Pisa sacked the Tunisian city of Mahdia in 1088. Four years later Pisan and Genoese ships helped Alfonso VI of Castilla to push El Cid out of Valencia. A Pisan fleet of 120 ships also took part in the First Crusade and the Pisans were instrumental in the taking of Jerusalem in 1099. On their way to the Holy Land the ships did not miss the occasion to sack some Byzantine islands: the Pisan crusaders were led by their archbishop Daibert, the future patriarch of Jerusalem. Pisa and the other Repubbliche Marinare took advantage of the crusade to establish trading posts and colonies in the Eastern coastal cities of the Levant. In particular the Pisans founded colonies in Antiochia, Acre, Jaffa, Tripoli, Tyre, Joppa, Latakia and Accone. They also had other possessions in Jerusalem and Caesarea, plus smaller colonies (with lesser autonomy) in Cairo, Alexandria and of course Constantinople, where the Byzantine Emperor Alexius I Comnenus granted them special mooring and trading rights. In all these cities the Pisans were granted privileges and immunity from taxation, but had to contribute to the defence in case of attack. In the 12th century the Pisan quarter in the Eastern part of Constantinople had grown to 1,000 people. For some years of that century Pisa was the most prominent merchant and military ally of the Byzantine Empire, overcoming Venice itself.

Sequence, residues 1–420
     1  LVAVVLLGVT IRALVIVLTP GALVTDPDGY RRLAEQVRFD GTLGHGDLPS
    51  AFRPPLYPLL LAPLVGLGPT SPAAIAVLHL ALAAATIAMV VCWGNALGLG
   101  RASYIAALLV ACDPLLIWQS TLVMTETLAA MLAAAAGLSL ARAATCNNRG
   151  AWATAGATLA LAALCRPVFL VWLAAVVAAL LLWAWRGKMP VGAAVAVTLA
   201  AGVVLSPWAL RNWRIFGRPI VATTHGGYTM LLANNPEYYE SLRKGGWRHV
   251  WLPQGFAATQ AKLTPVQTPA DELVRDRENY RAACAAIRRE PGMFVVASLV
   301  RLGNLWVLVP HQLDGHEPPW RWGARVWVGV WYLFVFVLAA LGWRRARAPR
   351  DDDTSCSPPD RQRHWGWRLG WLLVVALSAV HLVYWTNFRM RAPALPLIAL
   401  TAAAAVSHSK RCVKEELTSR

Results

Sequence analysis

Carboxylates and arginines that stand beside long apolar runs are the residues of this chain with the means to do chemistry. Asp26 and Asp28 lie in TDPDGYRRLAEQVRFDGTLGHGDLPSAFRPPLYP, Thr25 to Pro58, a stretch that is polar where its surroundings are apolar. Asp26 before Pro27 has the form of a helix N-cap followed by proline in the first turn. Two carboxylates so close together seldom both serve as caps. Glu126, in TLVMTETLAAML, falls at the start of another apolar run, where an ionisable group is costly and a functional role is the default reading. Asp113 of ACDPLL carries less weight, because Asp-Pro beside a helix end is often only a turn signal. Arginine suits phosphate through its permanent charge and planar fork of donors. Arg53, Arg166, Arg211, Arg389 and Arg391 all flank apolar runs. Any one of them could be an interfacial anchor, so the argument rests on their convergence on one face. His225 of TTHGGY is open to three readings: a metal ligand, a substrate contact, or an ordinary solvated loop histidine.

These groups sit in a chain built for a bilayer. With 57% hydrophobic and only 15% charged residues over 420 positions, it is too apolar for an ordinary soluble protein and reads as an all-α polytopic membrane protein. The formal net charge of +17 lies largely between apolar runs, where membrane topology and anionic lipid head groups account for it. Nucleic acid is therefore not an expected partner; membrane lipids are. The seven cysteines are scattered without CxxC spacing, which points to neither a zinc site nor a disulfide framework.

12th century

In 1113 Pisa and the Pope Paschal II set up, together with the count of Barcelona and other contingents from Provence and Italy (Genoese excluded), a war to free the Balearic Islands from the Moors: the queen and the king of Majorca were brought in chains to Tuscany. Even though the Almoravides soon reconquered the island, the booty taken helped the Pisans in their magnificent programme of buildings, especially the cathedral and Pisa gained a role of pre-eminence in the Western Mediterranean.
In the following years the mighty Pisan fleet, led by archbishop Pietro Moriconi, drove away the Saracens after ferocious combats. Though short-lived, this success of Pisa in Spain increased the rivalry with Genoa. Pisa's trade with the Languedoc and Provence (Noli, Savona, Fréjus and Montpellier) were an obstacle to the Genoese interests in cities like Hyères, Fos, Antibes and Marseille.
The war began in 1119 when the Genoese attacked several galleys on their way to the motherland, and lasted until 1133. The two cities fought each other on land and at sea, but hostilities were limited to raids and pirate-like assaults.